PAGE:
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Facebook to show AMBER Alerts

The AMBER alert system, used by law enforcement and broadcasters, is now available on Facebook.
The AMBER alert system, used by law enforcement and broadcasters, is now available on Facebook.
STORY HIGHLIGHTS
  • Facebook users can sign up to get AMBER Alerts
  • The program is named for Amber Hagerman, who was abducted and killed in 1996
  • Some 800,000 children are reported missing each year
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Washington (CNN) -- The child-abduction alert system used by law enforcement, broadcasters and transportation departments is now available on Facebook.

AMBER Alerts have previously been available to many users via their local law enforcement Facebook pages.

But now, Facebook users can receive the announcements directly from state AMBER Alert pages, by choosing which state's alerts they want to see. The District of Columbia and the U.S. Territories also each have an alert page.

"As we all know, social networking has few boundaries, and now AMBER Alerts will benefit from that reach," said Laurie Robinson, the National AMBER Coordinator for the Department of Justice.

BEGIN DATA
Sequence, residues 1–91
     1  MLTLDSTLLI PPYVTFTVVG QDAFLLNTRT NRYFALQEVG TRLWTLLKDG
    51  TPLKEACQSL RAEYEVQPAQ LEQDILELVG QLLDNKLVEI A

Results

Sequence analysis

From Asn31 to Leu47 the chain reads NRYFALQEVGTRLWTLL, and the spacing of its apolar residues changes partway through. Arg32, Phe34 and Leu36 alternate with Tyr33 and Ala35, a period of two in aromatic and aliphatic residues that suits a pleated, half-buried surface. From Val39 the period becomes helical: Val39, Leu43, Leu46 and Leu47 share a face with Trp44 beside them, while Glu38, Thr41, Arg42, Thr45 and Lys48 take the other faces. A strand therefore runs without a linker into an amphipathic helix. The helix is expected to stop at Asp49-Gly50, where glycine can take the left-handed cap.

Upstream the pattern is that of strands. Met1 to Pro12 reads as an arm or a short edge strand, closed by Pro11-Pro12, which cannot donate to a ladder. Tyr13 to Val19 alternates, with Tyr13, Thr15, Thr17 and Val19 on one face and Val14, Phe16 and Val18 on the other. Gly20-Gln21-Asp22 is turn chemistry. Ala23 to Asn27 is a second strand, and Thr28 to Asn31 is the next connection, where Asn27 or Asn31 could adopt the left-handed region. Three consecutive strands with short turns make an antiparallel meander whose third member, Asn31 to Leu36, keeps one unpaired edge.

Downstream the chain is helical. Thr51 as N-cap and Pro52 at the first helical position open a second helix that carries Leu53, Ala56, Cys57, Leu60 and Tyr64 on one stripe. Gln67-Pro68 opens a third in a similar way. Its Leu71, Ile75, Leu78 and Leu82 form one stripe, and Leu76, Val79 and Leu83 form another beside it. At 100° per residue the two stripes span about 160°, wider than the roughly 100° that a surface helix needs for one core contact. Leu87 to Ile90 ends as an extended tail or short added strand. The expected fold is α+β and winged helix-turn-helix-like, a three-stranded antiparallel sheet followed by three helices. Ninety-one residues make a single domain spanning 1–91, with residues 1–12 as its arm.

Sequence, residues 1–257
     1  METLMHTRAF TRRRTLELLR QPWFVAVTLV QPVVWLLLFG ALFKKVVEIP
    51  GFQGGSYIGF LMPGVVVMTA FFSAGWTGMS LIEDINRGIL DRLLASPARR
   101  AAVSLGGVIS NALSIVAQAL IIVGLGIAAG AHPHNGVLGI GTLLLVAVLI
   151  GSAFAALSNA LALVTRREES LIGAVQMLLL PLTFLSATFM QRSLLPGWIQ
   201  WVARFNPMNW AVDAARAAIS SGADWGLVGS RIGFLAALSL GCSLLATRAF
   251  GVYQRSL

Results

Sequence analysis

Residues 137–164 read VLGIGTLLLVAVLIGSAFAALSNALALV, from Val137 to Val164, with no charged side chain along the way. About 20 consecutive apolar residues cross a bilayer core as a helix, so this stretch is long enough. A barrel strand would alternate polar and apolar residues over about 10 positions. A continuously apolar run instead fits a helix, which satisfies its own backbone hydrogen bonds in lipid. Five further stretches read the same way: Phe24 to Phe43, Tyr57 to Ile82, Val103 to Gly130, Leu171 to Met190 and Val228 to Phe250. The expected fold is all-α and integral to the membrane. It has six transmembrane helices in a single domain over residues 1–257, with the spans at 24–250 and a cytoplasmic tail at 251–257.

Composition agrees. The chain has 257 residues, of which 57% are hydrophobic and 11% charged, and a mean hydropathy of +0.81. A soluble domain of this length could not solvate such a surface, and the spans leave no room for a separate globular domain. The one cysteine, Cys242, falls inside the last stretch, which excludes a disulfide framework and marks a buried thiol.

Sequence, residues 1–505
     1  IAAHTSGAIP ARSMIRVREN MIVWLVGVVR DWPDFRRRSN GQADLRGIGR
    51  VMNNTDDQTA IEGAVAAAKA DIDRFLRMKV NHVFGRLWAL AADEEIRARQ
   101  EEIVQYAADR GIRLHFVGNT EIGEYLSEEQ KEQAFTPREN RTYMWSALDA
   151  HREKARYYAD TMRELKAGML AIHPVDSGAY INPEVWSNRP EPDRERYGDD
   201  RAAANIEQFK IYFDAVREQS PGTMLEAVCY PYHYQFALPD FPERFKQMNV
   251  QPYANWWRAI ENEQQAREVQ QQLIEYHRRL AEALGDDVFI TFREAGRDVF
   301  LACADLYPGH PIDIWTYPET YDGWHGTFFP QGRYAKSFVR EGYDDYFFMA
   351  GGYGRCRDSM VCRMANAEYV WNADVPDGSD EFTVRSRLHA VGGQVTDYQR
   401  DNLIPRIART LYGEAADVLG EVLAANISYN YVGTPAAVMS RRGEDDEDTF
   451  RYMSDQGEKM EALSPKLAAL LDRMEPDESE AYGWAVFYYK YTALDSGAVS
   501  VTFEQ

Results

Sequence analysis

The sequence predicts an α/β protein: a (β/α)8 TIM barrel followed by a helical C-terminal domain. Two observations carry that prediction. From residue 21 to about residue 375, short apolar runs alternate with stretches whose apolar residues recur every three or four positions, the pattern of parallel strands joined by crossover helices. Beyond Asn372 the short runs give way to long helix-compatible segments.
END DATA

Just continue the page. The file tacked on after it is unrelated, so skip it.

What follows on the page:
The AMBER (America's Missing: Broadcast Emergency Response) Alert system started as an agreement between broadcasters and law enforcement agencies to quickly release information to the public on child abductions so citizens can assist in the search for the child.

It is named for Amber Hagerman, a 9-year-old from Arlington, Texas, who was kidnapped and murdered in 1996. The Facebook announcement comes on the eve of the 15th anniversary of her abduction.

Facebook users who want to receive the alerts must will sign up at http://apps.facebook.com/amber_alert/.

Ernie Allen, president of the National Center for Missing and Exploited Children, said designers of the program wanted to be sensitive to people who would see the alerts as spam, so users must sign up to receive the alerts.

Once they receive a bulletin, Facebook users can easily share it with their Facebook friends.

An estimated 800,000 children are reported missing every year. The AMBER Alert program has been credited with the recovery of 525 children since it began.

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